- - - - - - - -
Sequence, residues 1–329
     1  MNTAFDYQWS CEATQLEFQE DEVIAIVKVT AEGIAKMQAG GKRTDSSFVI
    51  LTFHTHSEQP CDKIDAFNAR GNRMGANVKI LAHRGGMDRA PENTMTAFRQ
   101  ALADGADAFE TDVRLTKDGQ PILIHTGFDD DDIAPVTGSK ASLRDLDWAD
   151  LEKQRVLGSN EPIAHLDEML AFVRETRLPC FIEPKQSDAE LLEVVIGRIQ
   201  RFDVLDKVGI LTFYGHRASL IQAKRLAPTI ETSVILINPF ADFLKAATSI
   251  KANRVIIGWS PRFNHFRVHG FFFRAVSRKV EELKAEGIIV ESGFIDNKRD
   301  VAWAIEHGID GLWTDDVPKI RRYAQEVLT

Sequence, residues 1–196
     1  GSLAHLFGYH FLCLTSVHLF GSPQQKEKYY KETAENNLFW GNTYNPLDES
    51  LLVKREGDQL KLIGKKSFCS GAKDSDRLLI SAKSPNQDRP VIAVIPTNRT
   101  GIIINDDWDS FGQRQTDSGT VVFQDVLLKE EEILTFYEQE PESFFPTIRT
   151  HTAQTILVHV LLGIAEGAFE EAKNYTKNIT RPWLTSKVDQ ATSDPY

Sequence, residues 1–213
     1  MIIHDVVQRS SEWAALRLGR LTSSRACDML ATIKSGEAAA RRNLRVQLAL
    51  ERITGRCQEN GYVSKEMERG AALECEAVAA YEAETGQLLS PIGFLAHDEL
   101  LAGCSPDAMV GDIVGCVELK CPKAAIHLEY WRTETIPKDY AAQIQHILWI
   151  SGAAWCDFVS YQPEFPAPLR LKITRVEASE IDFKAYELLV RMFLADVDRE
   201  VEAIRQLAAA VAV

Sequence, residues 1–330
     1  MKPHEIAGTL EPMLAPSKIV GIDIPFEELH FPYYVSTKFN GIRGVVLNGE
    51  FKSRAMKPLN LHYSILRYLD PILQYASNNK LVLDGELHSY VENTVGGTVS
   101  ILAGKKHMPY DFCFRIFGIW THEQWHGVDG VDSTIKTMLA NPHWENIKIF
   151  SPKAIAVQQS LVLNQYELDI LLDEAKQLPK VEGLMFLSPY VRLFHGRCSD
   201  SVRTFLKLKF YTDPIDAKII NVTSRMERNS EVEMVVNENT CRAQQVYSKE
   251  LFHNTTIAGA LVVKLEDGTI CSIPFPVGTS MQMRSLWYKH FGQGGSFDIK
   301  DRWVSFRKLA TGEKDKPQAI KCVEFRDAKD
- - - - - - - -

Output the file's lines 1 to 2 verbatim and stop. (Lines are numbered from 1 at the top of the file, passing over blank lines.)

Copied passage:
Sequence, residues 1–329
     1  MNTAFDYQWS CEATQLEFQE DEVIAIVKVT AEGIAKMQAG GKRTDSSFVI